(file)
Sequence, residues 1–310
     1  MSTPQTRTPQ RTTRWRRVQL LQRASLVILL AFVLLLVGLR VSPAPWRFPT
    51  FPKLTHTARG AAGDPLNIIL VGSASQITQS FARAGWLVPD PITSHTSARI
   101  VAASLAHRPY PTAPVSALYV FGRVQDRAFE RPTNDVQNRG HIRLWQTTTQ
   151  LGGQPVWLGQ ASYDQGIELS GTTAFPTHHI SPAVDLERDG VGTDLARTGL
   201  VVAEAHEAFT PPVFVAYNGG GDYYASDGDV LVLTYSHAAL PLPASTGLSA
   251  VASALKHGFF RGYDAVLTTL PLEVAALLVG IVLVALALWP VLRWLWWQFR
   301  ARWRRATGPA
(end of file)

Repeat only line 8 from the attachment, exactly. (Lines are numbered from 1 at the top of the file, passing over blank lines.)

   301  ARWRRATGPA